Chris Masters on joining Four Corners
By ACMI, 2009 2:23 minutes
Chris Masters did not come to Four Corners via the usual current affairs career path. As a result, he felt less constrained by established conventions. His first story, ‘The Big League’ (1983), began as an inquiry into the New South Wales Rugby League, but it grew into a much larger investigation that revealed systemic corruption and eventually led to a Royal Commission. In this case, putting the program together was only the first part of his role as journalist; the next step was defending his allegations in response to subsequent legal action.
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The ABC’s Four Corners program has a long history, and by the time Chris Masters joined the team it had a strong reputation. The program is still one of the ABC’s flagship television productions.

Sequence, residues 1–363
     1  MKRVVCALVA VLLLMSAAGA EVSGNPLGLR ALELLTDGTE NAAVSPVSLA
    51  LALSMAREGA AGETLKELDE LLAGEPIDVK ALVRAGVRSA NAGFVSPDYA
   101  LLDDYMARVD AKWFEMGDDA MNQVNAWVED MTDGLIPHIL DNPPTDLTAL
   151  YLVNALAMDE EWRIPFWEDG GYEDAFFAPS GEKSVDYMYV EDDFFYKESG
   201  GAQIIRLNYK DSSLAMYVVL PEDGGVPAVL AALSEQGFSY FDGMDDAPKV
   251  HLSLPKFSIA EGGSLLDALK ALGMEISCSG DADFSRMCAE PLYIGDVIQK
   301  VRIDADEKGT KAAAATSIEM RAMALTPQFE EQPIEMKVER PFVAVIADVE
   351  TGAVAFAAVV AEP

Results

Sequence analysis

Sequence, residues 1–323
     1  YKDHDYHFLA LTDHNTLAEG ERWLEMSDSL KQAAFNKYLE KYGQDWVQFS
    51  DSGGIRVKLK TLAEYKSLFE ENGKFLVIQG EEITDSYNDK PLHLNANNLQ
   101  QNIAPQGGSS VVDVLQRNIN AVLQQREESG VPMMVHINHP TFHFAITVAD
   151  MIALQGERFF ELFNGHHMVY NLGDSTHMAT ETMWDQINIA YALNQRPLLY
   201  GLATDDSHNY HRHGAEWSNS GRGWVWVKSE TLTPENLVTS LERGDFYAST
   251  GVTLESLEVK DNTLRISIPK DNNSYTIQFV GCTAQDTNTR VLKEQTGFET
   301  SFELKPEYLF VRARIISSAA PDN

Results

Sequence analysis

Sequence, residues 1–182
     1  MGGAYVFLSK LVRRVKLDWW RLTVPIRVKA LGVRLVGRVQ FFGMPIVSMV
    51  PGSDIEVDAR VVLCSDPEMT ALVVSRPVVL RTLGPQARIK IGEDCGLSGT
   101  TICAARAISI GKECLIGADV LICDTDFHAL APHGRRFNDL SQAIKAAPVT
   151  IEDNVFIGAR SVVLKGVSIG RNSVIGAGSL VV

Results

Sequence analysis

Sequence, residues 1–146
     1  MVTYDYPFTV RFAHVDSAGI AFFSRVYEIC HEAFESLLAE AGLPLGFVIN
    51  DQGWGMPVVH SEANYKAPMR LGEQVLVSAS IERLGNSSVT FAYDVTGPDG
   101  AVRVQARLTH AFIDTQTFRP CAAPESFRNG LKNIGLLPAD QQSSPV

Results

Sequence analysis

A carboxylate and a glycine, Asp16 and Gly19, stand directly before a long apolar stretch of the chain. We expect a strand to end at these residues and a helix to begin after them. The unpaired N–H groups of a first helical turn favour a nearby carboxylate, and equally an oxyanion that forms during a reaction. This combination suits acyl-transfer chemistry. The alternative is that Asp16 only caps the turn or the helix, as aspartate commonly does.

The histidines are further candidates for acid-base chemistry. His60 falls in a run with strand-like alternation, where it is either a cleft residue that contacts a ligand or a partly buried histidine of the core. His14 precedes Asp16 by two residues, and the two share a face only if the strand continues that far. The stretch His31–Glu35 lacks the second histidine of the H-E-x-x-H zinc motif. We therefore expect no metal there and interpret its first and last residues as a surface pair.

- What is the role of current affairs television?
- How important is reputation in current affairs television?
Chris Masters comments that his lack of experience in news and current affairs meant that he “didn’t know what you couldn’t do”.
- How could this be an advantage in investigative journalism?
- What does Masters mean when he says that ‘The Big League’ was his first experience of a program with ‘a long tail’?
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